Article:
Interviews with the legendary Oriental Dance Choreographer Dr. Mo Geddawi

Dr. Mo Geddawi in Argentina

by Isis Zahara

“If you have the talent to dance and perform you are a lucky person
If you have in addition the talent of teaching you are a very lucky person
If you have the above two talents in addition to the talent of choreography you are blessed”

Dr Mo Geddawi

I had the great pleasure to interview one of the best Egyptian choreographers: Dr. Mo Geddawi.
He is a very important legend in the Belly Dance History:  was co-founder of the legendary REDA DANCE TROUPE as well as one of the company`s lead male dancer. His choreographies have a polished  and flaire way that is called: Egyptian Style. 

Dr. Mo Geddawi has performed and choreographed in movies and for Television Shows as the weekly TV Show “BEIRUT BY NIGHT” in Lebanon. During that period he taught Egyptian folklore dances at the American University of Beirut and at Beirut Collage for Women. Choreographed and performed in the musical “THE BOY FRIEND” for the American Repertory Theatre, and in “FAUST” for the Lebanese Modern Theatre.

In 1984 Dr. Mo Geddawi received the recognition award of art from the Egyptian ministry of culture for his contributions to development and improvement of the Egyptian dance, and the achievement award in 1986 from the Royal Academy of Belly Dance in San Francisco. He is also an Honouree of the Hall of Fame (A.A.M.E.D.), and member of the International Dance Council-CID-UNESCO.

He has produced many Oriental and folklore dance shows in Berlin theaters and other European cities as a master teacher, performer and founder of the "Hathor Dance Troupe" in 1986, Berlin, Germany.  Mo has been teaching at Ahlan Wasahlan Festival organized by Raqia Hassan in Cairo regularly and in many other international festivals around the world. 

Dr. Mo also had been a personal friend of the legendary Divas: Taheya Carioca and Samia Gamal. In the addition to his very active dance career Dr. Mo holds degrees in pharmacology and Medicine.

For more information:

IZ- You are a legend of Oriental Dance history. When did you start dancing and Who or What inspired you to become a choreographer?  
Dr.Mo Geddawi - First I started dancing at very early age when my family discovered my dance talent and sent me to Ballet school in Cairo.
I was then 8 years old. To become a choreographer is a long process, which started by being a dance performer. During learning dancing and through my observations, I discovered that I also enjoy teaching and choreographing. I indicated this to my teacher Mr. Mahmoud Reda and asked him for his guidance. 
Mr. Reda encouraged me to learn choreographic crafts, which is the understanding of how to organize movement into a dance following the discovery of such movements through improvisation and to acquire knowledge about the stage mechanical movements, music, lighting, costuming, Makeup, etc..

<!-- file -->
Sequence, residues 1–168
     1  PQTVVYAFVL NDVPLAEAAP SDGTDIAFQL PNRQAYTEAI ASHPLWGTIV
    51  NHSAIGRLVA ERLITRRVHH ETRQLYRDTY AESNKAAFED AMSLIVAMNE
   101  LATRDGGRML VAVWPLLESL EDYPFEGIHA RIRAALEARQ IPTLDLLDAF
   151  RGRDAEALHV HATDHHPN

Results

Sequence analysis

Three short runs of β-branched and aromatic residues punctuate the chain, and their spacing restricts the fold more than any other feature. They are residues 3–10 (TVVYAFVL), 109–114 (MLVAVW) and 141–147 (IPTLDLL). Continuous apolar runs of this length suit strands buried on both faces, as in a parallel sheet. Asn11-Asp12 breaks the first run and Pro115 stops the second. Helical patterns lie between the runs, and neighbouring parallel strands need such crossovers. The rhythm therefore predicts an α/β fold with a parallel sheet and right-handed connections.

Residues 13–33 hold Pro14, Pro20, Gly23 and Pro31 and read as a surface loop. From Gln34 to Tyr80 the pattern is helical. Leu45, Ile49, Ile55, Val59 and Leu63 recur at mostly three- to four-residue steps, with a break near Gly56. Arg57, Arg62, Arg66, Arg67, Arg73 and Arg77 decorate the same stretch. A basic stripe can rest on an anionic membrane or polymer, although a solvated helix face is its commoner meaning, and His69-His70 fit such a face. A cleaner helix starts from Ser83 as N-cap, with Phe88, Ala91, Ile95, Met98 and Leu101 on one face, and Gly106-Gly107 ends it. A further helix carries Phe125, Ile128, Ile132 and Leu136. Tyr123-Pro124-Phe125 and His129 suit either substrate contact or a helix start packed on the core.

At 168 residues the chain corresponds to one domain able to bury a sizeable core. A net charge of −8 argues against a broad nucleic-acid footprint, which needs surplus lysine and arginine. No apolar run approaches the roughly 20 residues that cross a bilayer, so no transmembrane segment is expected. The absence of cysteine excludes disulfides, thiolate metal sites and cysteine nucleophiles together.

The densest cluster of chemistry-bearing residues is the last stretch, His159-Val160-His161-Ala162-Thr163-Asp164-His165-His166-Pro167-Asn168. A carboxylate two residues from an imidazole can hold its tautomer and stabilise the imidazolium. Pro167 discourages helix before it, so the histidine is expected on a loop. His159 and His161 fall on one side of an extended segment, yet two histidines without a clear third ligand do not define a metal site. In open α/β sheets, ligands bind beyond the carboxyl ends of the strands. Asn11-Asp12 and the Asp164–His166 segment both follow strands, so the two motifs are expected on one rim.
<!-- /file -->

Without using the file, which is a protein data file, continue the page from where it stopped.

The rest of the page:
After learning with Mr. Reda and other teachers like Fernando Rego in Paris, Ms Georgette Jabara in Beirut; and reading many books on choreography I started to choreograph.

The creativity involved in designing choreographies has fascinated and inspired me. I was also inspired by Mr. Mahmoud Reda, whom I consider an excellent and fascinating choreographer. 

IZ – In the past you had to choice between a medicine or dance career. Thinking now about the health benefits of dancing, can you say that the dance is a kind of Medicine? 
Dr.Mo Geddawi - In fact I am glad that I did not make that choice, since studying medicine helped me understanding the anatomy of human body specially the bone and muscular structures involved in movements.
I can say that medicine is also an art. Oriental dance is a good therapy and has been recognized by medical profession and even some medical insurances for treatment of depression, drug addiction, Alzheimer and very helpful to improve abilities of retarded children. 

IZ - Why so many women in the world are in love with Oriental dance?
Dr.Mo Geddawi - The oriental dance became very popular worldwide because women discovered its many benefits for them. The first is that through practicing oriental dance women learn to appreciate their body and live in harmony with it. This will make women happy persons and consequently they will make their surrounding happy. The oriental dance improves the personality of the woman and reduces her inhibitions. And finally it is a good sport to keep the body healthy and in good shape.

Dr. Mo dancing Said

IZ - During the Mohamed Shahin’s interview you answered a question about western influences in the Oriental Dance.  Do you think we could pay more attention on what the ancient Egyptians have influenced in our current culture, including the dance?
Dr.Mo Geddawi - There is a western influence on the oriental dance in making it more theatrical, which is positive. The American created new related dances like tribal and fusions, etc.. The Egyptian culture, however, has influenced the western culture in many aspects like science, philosophy, religions, math, art including dance. In fact the Greek and Roman culture are concidered an extension of the Egyptian culture.

Dr. Mo dancing Nubian

IZ – Can we say that the Oriental Dance brings elements from the Ancient time?
Dr.Mo Geddawi - Yes you can. You just need to look at the dance illustrations documented in the temples of ancient Egypt to find out that many dance elements are the same or very similar to how we dance today. See the book of Irena Lexova on Ancient Egyptian dance published by Dover publication, New York.

IZ- You had a chance to know the legendary Divas of the Golden Age, as Samia Gamal, Taheya Carioca. As a choreographer, what is unique or interesting to you about Samia Gamal and Taheya Carioca styles?